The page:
Interestingly, the FFS and BF conditions did not result in changes compared to the RFS condition when considering hip angle at initial contact. While runners during the BF condition demonstrated a trend toward decreased hip flexion, these differences were not significant. Decreased hip flexion is consistent with modification of the position of the COM projection more posteriorly under the body. Because trained BF runners strike in less plantarflexion than FFS, they would be less likely to strike anteriorly. With no concurrent increase in knee angle at initial contact, the hip would need to remain in less flexion, bringing the COM posteriorly and allowing the forefoot to contact the ground. This may contribute to the concurrent increase reported in peak vertical ground reaction force in FFS.18 This increase in vertical GRF combined with the more vertical orientation of the lower extremity segments in FFS and BF running, there is potentially increased compressive forces compared to torsional forces in the ankle, knee and hip joints. Additionally, this may partially explain the reported decrease in the deceleration component of the posterior GRF.

The FFS pattern and BF conditions both reduced the peak knee extensor power. FFS demonstrated the greatest reduction in magnitude. These findings are consistent with what has been previously reported in research performed on forefoot strikers.17,18 Comparatively, the FFS conditions demonstrated the greatest reduction in knee extensor power. It is important to note that these changes in knee power occurred independent of changes in knee position at initial contact. Since there were no changes in knee position and similar magnitude of the vertical GRF, the differences in knee power suggest that the line of the vertical GRF may be passing closer to the knee joint center throughout the stance phase. Therefore, it may be important to evaluate contact forces in the joints of the lower extremities during BF and FFS running. Further, changes in the moment arm of the vertical GRF have implications for extensor demand and metabolic cost.22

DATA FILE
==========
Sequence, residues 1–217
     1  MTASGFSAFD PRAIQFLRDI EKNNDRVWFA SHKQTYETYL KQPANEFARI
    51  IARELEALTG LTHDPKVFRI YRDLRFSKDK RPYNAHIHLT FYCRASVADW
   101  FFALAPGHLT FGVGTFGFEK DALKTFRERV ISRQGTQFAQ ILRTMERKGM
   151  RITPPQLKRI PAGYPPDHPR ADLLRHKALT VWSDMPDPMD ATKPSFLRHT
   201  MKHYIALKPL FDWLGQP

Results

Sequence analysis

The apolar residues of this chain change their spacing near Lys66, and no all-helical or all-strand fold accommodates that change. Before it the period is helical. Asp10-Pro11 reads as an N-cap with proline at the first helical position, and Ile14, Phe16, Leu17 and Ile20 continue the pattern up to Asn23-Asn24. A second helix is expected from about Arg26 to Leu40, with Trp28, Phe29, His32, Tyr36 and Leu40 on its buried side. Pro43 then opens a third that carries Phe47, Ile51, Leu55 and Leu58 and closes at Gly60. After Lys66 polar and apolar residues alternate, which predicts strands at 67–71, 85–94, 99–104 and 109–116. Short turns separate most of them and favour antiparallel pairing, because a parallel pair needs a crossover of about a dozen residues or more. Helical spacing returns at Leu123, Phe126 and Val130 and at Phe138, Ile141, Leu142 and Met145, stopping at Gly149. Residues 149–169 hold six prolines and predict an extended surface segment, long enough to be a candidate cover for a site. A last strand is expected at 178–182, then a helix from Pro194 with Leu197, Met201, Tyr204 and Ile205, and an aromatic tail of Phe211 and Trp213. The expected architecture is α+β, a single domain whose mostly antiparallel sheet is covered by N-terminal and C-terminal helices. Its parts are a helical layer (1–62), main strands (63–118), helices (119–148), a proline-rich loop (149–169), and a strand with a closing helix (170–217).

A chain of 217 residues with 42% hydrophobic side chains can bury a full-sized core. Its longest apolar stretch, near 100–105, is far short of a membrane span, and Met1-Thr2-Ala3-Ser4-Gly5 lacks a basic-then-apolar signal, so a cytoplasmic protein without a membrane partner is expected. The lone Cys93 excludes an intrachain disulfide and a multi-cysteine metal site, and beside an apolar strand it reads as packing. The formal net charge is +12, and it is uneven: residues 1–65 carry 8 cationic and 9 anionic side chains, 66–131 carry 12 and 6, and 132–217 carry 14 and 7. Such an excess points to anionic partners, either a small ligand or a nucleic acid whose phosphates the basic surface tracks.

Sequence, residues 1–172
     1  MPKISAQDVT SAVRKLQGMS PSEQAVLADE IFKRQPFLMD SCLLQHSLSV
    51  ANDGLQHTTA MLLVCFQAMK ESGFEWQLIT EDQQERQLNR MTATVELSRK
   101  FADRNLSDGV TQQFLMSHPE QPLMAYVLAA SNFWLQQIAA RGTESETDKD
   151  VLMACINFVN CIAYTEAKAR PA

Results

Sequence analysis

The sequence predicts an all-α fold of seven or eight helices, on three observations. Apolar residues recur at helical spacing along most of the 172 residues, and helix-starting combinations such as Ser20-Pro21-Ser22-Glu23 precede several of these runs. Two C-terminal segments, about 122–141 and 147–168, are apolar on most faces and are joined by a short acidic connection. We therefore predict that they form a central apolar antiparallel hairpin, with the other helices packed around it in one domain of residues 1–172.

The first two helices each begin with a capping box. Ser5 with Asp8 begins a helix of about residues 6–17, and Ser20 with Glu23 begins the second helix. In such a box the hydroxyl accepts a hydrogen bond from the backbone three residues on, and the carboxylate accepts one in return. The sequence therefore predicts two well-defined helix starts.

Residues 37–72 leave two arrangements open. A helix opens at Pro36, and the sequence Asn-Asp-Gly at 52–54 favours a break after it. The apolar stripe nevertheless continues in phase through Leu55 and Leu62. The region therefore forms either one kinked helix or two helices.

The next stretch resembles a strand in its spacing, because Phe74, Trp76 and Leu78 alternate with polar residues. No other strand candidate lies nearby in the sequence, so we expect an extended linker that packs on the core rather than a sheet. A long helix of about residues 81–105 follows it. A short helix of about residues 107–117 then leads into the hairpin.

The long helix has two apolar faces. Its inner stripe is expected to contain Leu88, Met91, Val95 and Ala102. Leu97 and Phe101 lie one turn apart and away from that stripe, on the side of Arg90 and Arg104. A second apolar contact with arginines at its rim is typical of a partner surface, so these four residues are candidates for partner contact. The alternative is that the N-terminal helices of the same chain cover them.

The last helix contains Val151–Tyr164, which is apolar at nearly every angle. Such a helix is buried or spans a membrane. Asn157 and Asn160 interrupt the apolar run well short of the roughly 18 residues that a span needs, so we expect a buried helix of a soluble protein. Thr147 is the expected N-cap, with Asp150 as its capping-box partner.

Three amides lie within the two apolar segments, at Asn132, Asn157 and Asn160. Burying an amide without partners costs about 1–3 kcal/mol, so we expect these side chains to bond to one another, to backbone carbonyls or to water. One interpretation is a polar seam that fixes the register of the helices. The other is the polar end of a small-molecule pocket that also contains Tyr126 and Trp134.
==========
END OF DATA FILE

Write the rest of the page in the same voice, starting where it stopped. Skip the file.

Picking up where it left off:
Plantarflexion power (absorption) was significantly greater in FFS and BF conditions when compared to the shod RFS condition. FFS had the greatest increase in ankle power absorption. This is likely present due to the fact that running in the BF condition resulted in a more midfoot strike pattern that reduces the load on the plantarflexors. In fact, running BF resulted in an average strike index of 45.7% but only 60% of the runners in this condition actually adopted a midfoot or FFS pattern. This suggests that while BF running, on average, results in a different strike pattern, a number of runners still maintain a RFS pattern. Therefore, a switch to running BF may not sufficient to make comprehensive changes in the lower extremity mechanics in all runners. Running BF without subsequent changes in strike pattern is unlikely to result in reduction of injury or other benefits. In contrast, 100% of the subjects ran with a midfoot or FFS pattern in the FFS condition with an average strike index of 65.8%. It is important to note that none of the subjects in the current study were experienced or trained BF runners. Further study of whether trained BF runners demonstrate similar strike patterns as those observed in the current study will help to clarify the potential changes associated with BF running.